WITHOUT doubt, Sir Rabinder Singh is one of the finest legal minds in Britain today. That might sound an extraordinarily bold statement but two factors about Sir Rabinder really stick out from the outset.
Known more formally as The Right Honourable Lord Justice Singh and Lord Justice Singh, it was announced in September last year that he would be president of the independent body that adjudicates over complaints about surveillance activities of the intelligence services.
This tribunal process was created after the 2000 Regulation of Investigatory Powers Act (IPA) to ensure greater accountability. Lord Chief Justice Burnett of Maldon declared: “The appointment of a lord justice of appeal as president of the tribunal ensures that the tribunals is headed by a senior judge of equivalent status to the investigatory powers commissioner.
Lord Justice Singh brings a wealth of experience in the judiciary and expertise in public law, which will be crucial to the tribunal’s vital role in hearing complaints concerning the use of investigatory powers.” Basically, Lord Justice Singh has a role in bringing the intelligence services to book, if they overstep the mark, and the fact that he has been handed this responsibility shows the high regard with which he is held in the judiciary.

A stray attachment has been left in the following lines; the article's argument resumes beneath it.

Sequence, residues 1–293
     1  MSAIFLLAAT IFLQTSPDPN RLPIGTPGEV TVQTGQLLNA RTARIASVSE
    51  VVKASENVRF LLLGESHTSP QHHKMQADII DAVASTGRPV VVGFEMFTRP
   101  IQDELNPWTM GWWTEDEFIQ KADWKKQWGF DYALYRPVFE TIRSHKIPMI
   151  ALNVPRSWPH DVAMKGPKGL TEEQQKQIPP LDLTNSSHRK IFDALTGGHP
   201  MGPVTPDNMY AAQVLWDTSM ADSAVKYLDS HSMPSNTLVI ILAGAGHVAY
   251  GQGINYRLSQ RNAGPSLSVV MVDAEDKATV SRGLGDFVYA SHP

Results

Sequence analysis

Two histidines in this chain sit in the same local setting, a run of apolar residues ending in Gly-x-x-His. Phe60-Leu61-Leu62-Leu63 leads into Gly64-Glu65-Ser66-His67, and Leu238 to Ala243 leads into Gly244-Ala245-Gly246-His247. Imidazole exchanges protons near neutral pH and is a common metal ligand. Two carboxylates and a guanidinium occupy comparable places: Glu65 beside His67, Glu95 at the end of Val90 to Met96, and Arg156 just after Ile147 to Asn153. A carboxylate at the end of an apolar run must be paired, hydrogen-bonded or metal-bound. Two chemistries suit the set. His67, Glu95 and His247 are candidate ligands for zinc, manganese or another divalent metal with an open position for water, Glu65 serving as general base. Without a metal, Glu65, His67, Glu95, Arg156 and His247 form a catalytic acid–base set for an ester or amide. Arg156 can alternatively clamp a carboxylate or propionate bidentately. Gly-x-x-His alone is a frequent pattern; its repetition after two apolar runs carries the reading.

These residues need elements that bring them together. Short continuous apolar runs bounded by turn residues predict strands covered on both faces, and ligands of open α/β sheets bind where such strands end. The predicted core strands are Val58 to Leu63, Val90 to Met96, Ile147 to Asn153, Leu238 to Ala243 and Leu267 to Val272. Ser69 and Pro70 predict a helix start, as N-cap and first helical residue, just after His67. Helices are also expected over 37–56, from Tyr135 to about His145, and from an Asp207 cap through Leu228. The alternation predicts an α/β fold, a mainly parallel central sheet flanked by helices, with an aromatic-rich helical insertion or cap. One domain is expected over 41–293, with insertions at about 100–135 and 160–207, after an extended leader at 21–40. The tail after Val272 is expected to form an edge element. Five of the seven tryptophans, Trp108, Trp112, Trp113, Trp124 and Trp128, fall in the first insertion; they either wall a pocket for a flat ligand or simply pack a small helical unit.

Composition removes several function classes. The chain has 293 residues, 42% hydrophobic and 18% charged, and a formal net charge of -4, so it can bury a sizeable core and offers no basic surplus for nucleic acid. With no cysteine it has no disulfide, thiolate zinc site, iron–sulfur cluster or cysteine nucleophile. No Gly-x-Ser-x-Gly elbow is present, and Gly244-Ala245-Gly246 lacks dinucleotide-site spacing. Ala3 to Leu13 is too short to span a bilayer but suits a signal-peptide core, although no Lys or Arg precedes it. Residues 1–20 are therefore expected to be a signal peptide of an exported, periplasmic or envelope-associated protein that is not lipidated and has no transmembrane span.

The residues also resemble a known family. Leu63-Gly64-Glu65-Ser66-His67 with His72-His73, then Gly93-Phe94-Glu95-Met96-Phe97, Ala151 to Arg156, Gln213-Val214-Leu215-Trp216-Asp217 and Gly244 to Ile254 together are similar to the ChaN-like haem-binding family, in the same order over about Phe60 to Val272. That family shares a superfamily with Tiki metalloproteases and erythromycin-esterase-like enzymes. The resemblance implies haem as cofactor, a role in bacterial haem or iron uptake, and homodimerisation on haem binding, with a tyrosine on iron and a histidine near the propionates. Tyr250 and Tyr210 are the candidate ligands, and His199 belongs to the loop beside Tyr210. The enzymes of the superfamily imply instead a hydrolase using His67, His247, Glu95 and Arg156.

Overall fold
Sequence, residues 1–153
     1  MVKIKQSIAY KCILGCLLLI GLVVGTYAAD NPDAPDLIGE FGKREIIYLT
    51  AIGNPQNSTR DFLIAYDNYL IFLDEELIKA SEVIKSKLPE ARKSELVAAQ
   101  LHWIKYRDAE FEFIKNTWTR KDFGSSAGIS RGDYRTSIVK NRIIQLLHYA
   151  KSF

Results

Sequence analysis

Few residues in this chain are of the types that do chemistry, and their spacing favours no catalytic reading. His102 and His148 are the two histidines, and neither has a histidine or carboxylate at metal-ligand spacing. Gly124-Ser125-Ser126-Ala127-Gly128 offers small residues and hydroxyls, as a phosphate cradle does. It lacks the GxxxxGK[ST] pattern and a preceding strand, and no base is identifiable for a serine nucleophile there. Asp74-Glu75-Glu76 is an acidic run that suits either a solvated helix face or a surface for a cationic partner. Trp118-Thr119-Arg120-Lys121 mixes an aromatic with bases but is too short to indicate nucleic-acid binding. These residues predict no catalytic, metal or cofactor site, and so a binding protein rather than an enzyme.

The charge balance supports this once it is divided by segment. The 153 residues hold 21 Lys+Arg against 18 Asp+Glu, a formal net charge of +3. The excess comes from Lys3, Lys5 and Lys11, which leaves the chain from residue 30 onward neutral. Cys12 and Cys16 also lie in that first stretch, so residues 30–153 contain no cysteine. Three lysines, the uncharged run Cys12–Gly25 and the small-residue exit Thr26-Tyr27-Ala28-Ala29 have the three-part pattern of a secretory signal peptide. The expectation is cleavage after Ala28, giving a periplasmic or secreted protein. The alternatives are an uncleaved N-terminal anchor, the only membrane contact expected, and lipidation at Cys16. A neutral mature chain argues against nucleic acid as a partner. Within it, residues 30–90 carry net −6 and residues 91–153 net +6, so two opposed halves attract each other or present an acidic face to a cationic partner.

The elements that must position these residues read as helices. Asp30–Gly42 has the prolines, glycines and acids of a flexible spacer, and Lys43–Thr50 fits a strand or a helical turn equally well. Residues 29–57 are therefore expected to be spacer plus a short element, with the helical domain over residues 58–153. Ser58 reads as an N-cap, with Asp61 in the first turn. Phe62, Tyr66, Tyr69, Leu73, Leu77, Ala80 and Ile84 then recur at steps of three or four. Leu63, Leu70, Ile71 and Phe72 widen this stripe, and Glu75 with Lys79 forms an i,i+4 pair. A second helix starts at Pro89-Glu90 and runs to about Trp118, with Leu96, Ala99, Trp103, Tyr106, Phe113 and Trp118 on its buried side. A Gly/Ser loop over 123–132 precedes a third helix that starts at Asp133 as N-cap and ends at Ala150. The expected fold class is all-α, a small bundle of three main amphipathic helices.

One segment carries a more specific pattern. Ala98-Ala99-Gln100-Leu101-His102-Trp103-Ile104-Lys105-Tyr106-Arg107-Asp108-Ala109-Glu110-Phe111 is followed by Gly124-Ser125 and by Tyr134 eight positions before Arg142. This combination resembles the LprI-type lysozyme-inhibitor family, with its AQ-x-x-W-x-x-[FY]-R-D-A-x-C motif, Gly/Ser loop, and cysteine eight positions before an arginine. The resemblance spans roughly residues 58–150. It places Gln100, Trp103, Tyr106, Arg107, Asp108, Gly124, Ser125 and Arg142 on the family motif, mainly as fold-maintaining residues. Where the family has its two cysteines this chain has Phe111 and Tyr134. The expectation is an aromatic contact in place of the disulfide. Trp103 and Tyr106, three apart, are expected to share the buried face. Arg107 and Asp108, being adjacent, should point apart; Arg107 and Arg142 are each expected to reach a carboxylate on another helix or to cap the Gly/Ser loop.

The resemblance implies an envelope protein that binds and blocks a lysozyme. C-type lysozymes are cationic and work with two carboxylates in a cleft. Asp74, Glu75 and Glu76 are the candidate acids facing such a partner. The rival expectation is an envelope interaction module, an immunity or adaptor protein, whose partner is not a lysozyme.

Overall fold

He was made a high court judge at just 39 – becoming the youngest ever to be appointed. Lord Justice Singh delivered the Kay Everett Memorial Lecture at the School of Oriental and African Studies (SOAS) in February, where he opened up about his work as the president of the Investigatory Powers Tribunal.
Kay Everett was a highflying city lawyer who gave up commercial law to retrain at SOAS and specialise in human rights and immigration law. She died tragically young of cancer, aged 43, in 2016 and a memorial lecture was created in